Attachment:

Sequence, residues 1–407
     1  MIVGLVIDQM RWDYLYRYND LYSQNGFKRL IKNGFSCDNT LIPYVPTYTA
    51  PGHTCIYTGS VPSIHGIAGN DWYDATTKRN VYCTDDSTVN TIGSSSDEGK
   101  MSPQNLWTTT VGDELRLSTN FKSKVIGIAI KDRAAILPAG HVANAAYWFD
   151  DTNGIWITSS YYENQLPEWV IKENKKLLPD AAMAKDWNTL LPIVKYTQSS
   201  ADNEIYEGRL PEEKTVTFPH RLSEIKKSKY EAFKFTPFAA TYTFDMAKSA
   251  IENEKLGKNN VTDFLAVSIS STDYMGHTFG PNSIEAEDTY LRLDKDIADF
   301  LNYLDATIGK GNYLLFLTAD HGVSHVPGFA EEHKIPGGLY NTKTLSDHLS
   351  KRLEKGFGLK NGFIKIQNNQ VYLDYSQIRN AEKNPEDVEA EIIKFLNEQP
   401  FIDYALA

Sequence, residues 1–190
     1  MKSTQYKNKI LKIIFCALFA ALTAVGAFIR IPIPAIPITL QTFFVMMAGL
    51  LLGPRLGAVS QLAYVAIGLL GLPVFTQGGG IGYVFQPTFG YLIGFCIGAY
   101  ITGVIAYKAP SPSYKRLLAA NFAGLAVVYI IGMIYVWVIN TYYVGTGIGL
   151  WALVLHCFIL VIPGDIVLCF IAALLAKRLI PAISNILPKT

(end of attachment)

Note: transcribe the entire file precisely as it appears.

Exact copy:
Sequence, residues 1–407
     1  MIVGLVIDQM RWDYLYRYND LYSQNGFKRL IKNGFSCDNT LIPYVPTYTA
    51  PGHTCIYTGS VPSIHGIAGN DWYDATTKRN VYCTDDSTVN TIGSSSDEGK
   101  MSPQNLWTTT VGDELRLSTN FKSKVIGIAI KDRAAILPAG HVANAAYWFD
   151  DTNGIWITSS YYENQLPEWV IKENKKLLPD AAMAKDWNTL LPIVKYTQSS
   201  ADNEIYEGRL PEEKTVTFPH RLSEIKKSKY EAFKFTPFAA TYTFDMAKSA
   251  IENEKLGKNN VTDFLAVSIS STDYMGHTFG PNSIEAEDTY LRLDKDIADF
   301  LNYLDATIGK GNYLLFLTAD HGVSHVPGFA EEHKIPGGLY NTKTLSDHLS
   351  KRLEKGFGLK NGFIKIQNNQ VYLDYSQIRN AEKNPEDVEA EIIKFLNEQP
   401  FIDYALA

Sequence, residues 1–190
     1  MKSTQYKNKI LKIIFCALFA ALTAVGAFIR IPIPAIPITL QTFFVMMAGL
    51  LLGPRLGAVS QLAYVAIGLL GLPVFTQGGG IGYVFQPTFG YLIGFCIGAY
   101  ITGVIAYKAP SPSYKRLLAA NFAGLAVVYI IGMIYVWVIN TYYVGTGIGL
   151  WALVLHCFIL VIPGDIVLCF IAALLAKRLI PAISNILPKT